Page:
The Marshall Mid ANCs ($269) are the company’s first active noise-canceling headphones and look and feel like Marshall’s other wireless, non-ANC headphones, the Mid Bluetooth ($80). Announced in March 2018, the Mid ANCs are on-ear headphones, so they won’t have quite the same passive noise-canceling abilities as more popular over-ear ANC headphones. They have a 20-hour battery life when ANC and Bluetooth are both turned on, and a 30-hour battery life when just Bluetooth is used. Additionally, they support Bluetooth aptX and have a collapsible design.
The Good: Marshall’s Mid ANCs have taken everything good about the Mid Bluetooth and added active noise-cancellation. They have the same 40mm custom dynamic drivers and pretty much the same sound quality, plus the same all-black design with brass details like the brand’s iconic rock ‘n’ roll amplifiers. Also, there’s a multi-directional control knob on the side of the left ear cup, which is your button for play/pause, volume control and to accept calls.
Who They’re For: Those looking for on-ear rather than over-ear headphones, and dig the black and brass design that Marshall is known for. From a sound perspective, these headphones are best for listening to music with heavy bass, such as R&B or Pop.
Watch Out For: My ears are more sensitive than most, admittedly, but I found the Mid ANCs difficult to wear longer than 45 minutes. The headband really squeezes the earcups tight to your head, which is great for noise isolation but not so great for comfort. Sound quality isn’t quite at the level that you’d expect from a fairly expensive pair of headphones; the midrange-tweeter separation can get muddled, especially when playing R&B, Pop and Rock tracks. I found it difficult to tell if the headphones were on or off, as there’s really nothing on them to indicate this; there’s an LED light on the bottom of the right earcup, but this only lights up when the headphones are charging or in pairing mode. Also, there isn’t a voice or beep when turning ANC on/off, so it can be difficult to tell what mode you’re currently in.
Alternatives: If you like the aesthetic, rather than the active noise-canceling abilities, you can buy the Mid Bluetooth, which are pretty much the same headphones, sans ANC, for just $80. For superior audio quality at a more affordable price, I’d recommend the AKG N60NC headphones ($150). The B&O Play Beoplay H8i ($399) are also another option, albeit at a much more premium price.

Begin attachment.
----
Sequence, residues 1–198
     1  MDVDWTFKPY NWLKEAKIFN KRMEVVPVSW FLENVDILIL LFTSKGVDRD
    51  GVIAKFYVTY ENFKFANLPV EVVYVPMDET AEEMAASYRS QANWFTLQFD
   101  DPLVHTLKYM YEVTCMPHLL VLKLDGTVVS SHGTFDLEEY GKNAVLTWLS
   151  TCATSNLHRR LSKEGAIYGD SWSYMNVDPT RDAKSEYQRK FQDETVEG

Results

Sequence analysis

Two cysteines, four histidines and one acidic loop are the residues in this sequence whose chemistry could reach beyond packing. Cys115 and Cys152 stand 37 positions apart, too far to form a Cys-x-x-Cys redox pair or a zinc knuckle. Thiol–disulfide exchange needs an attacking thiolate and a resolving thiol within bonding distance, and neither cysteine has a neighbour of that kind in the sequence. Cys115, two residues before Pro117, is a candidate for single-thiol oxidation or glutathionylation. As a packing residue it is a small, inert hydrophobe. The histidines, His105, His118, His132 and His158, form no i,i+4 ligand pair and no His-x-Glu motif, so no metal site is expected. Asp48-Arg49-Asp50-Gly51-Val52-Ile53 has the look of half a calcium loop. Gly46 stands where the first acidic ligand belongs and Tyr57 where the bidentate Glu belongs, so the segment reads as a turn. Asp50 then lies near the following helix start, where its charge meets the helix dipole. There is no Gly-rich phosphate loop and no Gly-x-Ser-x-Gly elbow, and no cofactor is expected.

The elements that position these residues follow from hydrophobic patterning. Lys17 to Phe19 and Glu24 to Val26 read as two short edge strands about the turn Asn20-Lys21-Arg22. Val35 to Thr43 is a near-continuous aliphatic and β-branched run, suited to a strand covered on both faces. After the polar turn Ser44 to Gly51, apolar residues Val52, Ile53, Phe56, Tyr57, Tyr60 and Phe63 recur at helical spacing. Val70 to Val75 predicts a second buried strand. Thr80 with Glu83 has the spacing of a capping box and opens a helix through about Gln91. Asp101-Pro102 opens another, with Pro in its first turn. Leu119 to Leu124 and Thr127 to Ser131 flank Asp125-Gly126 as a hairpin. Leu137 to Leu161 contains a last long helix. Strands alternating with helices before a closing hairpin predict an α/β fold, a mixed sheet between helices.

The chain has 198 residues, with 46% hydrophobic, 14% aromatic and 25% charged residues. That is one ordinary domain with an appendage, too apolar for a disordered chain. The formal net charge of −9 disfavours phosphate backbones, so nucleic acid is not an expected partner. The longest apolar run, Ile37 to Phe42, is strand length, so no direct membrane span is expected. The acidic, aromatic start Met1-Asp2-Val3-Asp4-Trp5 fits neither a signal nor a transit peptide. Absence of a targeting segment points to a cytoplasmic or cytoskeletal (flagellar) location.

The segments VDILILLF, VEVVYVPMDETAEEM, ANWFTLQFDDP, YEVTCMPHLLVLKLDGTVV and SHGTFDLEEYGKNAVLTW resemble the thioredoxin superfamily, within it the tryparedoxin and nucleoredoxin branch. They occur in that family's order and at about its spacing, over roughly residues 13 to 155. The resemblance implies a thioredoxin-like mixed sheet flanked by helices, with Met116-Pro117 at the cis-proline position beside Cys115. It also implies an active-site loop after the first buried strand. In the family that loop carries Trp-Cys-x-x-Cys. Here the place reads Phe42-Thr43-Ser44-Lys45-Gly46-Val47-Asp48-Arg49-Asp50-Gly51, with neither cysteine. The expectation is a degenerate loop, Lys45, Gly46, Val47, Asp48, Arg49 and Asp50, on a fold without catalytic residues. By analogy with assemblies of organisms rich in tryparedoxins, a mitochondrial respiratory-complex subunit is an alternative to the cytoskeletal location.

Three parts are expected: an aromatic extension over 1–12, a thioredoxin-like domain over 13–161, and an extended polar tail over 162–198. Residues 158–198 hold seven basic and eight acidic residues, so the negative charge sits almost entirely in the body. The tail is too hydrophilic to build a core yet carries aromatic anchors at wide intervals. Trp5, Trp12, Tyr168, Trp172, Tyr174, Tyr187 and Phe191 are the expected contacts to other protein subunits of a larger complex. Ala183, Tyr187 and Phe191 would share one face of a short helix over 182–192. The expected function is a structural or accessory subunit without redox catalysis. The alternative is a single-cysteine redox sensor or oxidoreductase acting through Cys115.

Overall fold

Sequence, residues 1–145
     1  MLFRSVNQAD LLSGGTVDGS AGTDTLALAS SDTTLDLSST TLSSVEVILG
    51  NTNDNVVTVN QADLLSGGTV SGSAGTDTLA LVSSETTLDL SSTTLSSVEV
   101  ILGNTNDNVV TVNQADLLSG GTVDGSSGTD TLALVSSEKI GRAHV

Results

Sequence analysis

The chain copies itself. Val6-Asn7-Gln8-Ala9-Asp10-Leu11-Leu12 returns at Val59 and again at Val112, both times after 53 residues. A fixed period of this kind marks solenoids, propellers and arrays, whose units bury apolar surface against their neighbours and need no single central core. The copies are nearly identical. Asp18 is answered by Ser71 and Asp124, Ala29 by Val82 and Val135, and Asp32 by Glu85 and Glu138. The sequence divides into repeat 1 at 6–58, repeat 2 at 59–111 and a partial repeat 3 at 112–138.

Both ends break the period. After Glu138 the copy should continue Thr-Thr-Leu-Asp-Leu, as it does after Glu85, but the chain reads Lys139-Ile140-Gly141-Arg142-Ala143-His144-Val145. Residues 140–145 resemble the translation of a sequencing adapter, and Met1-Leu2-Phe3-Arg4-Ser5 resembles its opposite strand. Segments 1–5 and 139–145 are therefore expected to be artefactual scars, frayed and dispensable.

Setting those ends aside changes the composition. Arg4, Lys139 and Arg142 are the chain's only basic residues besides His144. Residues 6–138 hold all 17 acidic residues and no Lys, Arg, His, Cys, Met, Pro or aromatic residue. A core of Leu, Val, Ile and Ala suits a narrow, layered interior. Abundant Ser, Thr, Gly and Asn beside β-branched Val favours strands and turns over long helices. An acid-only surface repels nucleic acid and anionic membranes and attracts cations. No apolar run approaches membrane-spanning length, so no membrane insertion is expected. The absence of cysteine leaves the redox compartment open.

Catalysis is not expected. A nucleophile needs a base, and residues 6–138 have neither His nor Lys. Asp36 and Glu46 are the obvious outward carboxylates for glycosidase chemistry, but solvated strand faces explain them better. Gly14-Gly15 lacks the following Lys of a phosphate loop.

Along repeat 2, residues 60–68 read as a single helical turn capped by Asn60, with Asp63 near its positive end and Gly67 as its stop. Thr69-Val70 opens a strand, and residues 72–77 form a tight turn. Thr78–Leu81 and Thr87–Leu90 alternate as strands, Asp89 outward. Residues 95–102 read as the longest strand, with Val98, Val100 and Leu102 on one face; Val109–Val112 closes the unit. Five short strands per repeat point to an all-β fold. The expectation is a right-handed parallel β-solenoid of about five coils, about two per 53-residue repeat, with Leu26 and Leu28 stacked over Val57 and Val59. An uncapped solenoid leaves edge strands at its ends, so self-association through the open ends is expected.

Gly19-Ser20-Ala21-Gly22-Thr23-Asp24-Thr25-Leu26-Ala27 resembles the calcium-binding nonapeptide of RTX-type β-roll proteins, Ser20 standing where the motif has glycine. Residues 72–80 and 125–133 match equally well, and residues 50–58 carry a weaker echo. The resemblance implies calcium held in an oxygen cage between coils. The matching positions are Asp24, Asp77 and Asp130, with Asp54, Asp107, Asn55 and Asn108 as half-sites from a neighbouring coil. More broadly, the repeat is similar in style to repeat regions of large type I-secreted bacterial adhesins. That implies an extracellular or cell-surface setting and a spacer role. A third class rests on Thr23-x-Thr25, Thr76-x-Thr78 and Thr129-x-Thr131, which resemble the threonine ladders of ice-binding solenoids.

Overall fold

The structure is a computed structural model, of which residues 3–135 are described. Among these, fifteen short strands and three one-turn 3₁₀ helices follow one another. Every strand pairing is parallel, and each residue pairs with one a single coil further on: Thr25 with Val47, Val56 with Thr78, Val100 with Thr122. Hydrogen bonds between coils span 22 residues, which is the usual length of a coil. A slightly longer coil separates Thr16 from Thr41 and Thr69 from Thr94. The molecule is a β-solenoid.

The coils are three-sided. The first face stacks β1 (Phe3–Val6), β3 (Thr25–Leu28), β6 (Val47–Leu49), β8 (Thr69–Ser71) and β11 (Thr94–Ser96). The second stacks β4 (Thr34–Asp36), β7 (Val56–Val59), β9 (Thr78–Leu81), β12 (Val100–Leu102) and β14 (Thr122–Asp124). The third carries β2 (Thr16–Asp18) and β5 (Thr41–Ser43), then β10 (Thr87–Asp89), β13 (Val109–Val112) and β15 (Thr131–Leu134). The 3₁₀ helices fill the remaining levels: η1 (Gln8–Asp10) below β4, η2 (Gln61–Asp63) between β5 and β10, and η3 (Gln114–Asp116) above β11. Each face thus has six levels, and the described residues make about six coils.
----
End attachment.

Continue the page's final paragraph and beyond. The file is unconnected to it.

Review: The Marshall Mid ANC headphones held up quite well while I listened to them walking to and from work in New York City. Their passive noise-canceling was impressive, frankly — so much so that there is not too much difference when ANC is turned on or off. (That said, the ANC does cut out more ambient noise.) They sound pretty good, as they have virtually the same drivers and design as Marshall’s well-reviewed Mid Bluetooth headphones. These are definitely headphones that thrive on bass, so much so that I found the treble and midrange get often overwhelmed and drowned out, especially when listening to them at high volumes. Songs like Lorde’s Green Light and Duran Duran’s Come Undone noticeably suffered with this.
Nitpicking at sound quality aside, the Mid ANCs are pretty straightforward wireless headphones. There’s no app to adjust ANC levels or EQ. There’s a single button to pause/play music and an answer calls. And there’s a switch on the side to toggle ANC on and off. The only other qualm I could say is the user experience is almost too simple. There’s not really anything on the headphones to indicate whether they’re on or off. Otherwise, they just work. And look pretty cool.
Verdict: There’s no doubt you can find more affordable ANC on-ear headphones. The noise-canceling and sound quality won’t disappoint you, but they also won’t blow you away either. The battery life is phenomenal, though. Let’s be honest: Marshall Mid ANCs are first and foremost about style. If you dig the signature look that Marshall is known for, you’re going to dig these as well.
What Others Are Saying:
• “If you just love Marshall’s amps and brand, the Marshall MID ANC should be a comfy fit. They look good, are fairly comfortable and – while not perfect – the active noise cancellation does take the edge off city noise. However, they’re not the best you can get at the price. The AKG N60NC offer up a fuller sound, and at £239 the Marshall MID ANC are a little too close to the current street price of the best full-size headphones, such as the Sony WH-1000XM2.” — Andrew Williams, Trusted Reviews
• “The Marshall Mid A.N.C. is a unique product in the noise-canceling headphone market that melds great looks, warm and punchy sound, and the ability to seal out the outside world. They may cost a pretty penny more than the step-down Mid model, but excellent noise reduction means you get what you pay for.” — Parker Hall, Digital Trends
• “Thankfully, the headphones don’t sound drastically different with the ANC enabled or disabled. This should be a given, but with wireless ANC headphones, it hasn’t been, and we’ve tested some high-priced options that sound quite different with the noise cancellation turned on. Here, switching the ANC on or off while music is playing might affect the audio for a split second, but that even happens with some Bose QuietComfort models. So while this isn’t the most impressive noise cancellation we’ve heard, it’s certainly effective, and it gets the important things right—cutting down on noise more so than creating it, and not altering the audio performance drastically.” — Tim Gideon, PCMag
Driver type: Dynamic
Impedance: 32 ohms
Frequency Range: 20Hz-20kHz
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